Culture of Vatican City

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Vatican City is itself of great cultural significance. Buildings such as St. Peter's Basilica and the Sistine Chapel are home to some of the most famous art in the world, which includes works by artists such as Botticelli, Bernini and Michelangelo. The Vatican Library and the collections of the Vatican Museums are of the highest historical, scientific and cultural importance. In 1984, the Vatican was added by UNESCO to the List of World Heritage Sites; it is the only one to consist of an entire country.[1]

The Vatican can be said to be the de facto custodian of the Latin language through its Latinitas Foundation. An important product of this foundation is the Latin lexicon of recent neologisms, the Lexicon Recentis Latinitatis.

The permanent population of the Vatican City is predominantly male, although two communities of nuns live in the Vatican. A minority are senior Catholic clergy, some are members of institutes of consecrated life, and the Swiss Guards make up an important segment. Many workers in Vatican City and embassy personnel accredited to the Holy See live outside its walls.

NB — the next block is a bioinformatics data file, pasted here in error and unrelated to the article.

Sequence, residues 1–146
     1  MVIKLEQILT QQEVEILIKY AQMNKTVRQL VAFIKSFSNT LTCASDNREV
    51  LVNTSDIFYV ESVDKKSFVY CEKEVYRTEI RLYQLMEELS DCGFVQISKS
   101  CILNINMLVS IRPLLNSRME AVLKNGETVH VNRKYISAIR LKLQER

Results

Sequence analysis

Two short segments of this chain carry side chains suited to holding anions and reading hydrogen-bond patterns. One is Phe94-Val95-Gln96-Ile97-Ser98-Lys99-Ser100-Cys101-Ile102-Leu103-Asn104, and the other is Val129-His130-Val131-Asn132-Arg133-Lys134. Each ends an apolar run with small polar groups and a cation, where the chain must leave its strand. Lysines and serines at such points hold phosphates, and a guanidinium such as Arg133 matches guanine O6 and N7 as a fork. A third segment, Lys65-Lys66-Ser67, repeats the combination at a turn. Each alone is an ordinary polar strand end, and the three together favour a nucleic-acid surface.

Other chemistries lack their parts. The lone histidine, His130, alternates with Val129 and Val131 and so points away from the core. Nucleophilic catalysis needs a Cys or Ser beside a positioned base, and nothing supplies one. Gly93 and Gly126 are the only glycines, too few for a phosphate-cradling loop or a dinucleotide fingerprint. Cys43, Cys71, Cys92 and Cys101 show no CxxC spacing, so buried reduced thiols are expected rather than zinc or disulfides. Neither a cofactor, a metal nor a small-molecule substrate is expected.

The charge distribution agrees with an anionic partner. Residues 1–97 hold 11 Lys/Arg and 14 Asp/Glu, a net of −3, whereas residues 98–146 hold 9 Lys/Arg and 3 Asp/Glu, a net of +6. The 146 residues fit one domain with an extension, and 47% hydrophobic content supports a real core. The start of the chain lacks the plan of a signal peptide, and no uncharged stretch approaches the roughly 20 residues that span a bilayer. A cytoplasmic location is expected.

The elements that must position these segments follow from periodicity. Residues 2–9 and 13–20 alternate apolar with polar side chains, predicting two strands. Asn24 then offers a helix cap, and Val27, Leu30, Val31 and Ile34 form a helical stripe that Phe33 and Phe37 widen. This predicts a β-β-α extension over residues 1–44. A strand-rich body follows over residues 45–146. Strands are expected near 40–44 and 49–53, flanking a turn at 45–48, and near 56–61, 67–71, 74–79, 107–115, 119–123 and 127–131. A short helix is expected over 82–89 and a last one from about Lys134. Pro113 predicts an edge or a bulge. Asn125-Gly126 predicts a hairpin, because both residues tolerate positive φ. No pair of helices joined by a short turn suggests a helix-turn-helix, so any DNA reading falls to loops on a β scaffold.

Tourism and pilgrimages are an important factor in the daily life in the Vatican. The Pope has weekly public audiences and celebrates public Mass and other services, and imparts his Urbi et Orbi blessing every Easter and Christmas, and immediately following his election as Pope. For significant events with large numbers of attendees, he concelebrates open-air Mass in Saint Peter's Square.

Dress code

A dress code is enforced for entry into St. Peter's Basilica. It is based on the standard for proper dress when visiting a Catholic church, with visitors being reminded that, although St. Peter's is an architectural and artistic monument, it is foremost a place of worship.

The dress code prohibits:

  • hats on lay men inside the basilica
  • shorts/skirts above the knees[2]
  • sleeveless shirts
  • shirts which contain profanity
  • excessive jewellery

The use of mobile phones inside the basilica is also prohibited, as is smoking.

Cuisine of Vatican

The Vatican is a ministate, with only one restaurant and the food there is very similar to Italian cuisine, especially Roman cuisine. Workers in the Vatican provide many customers to restaurants in the rest of Rome.

"Eggplant with Parmesan of the Swiss Guards", a mixture containing eggplant, parmesan and spices, is supposedly one distinctive dish.[3][4]

See also


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